Published on bearblog

Living in a Building Site: The Over-Development of London's Housing Estates

Roderick House covered with scaffolding. There is a large quantity of insulation staged on the scaffolding awaiting installation. There are satellite dishes attached to the scaffolding, which have had to be moved from the wall of the house to accommodate the scaffolding.

London is in a housing crisis. The cause is a complex mixture of different societal and policy factors, but the practical effects boil down to too much demand and not enough supply. The result is expensive and inadequate housing, if one can get it at all.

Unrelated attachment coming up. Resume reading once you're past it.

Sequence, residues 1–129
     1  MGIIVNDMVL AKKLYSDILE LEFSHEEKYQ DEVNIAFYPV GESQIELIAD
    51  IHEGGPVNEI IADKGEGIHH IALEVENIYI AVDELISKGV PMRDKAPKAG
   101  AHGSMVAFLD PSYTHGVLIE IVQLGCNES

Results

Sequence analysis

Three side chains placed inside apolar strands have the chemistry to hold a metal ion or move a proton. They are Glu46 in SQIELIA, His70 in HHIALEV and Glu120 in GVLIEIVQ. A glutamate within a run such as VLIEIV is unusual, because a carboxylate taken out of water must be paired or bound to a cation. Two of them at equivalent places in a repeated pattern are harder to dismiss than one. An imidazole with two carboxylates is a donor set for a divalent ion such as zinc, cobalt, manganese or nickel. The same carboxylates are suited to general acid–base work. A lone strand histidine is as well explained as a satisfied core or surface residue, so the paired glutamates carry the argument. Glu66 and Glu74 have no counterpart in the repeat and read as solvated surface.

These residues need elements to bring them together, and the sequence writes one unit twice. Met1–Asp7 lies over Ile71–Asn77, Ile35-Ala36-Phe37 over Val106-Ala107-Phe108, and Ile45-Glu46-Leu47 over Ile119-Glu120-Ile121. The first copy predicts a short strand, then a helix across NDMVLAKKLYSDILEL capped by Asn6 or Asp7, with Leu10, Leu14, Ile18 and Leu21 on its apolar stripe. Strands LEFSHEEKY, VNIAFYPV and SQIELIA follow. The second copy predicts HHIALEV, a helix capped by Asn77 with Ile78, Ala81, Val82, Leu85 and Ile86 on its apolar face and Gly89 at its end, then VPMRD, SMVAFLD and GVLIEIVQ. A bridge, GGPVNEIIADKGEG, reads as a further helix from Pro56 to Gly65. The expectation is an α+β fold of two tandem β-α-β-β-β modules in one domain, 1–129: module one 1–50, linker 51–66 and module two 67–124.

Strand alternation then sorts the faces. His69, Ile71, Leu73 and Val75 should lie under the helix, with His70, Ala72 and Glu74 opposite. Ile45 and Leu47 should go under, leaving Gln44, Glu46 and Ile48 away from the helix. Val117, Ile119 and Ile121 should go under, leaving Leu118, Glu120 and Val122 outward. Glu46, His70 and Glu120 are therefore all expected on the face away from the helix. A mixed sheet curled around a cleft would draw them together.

The problem is particularly apparent in the social housing sector, where tenants benefit from subsidised rents and enjoy stronger legal protections against eviction1. Owing to central government policy failures2 dating back decades as well as recent local government mismanagement, waiting lists for social housing have become extremely long and the system is unable to properly accommodate even the privileged groups previously supported.

Social housing providers don’t just have to contend with a dwindling supply and rising demand, they also have the compounding problem that much of their existing stock has been left to decay and is now in need of serious renovation. Many post-war developments were shoddily built, and in subsequent years underfunded and incompetent housing departments have let their condition deteriorate further.

In any case, despite their past inactions, local politicians now have no choice but to respond to the spiralling waiting lists and do something. Do something they have: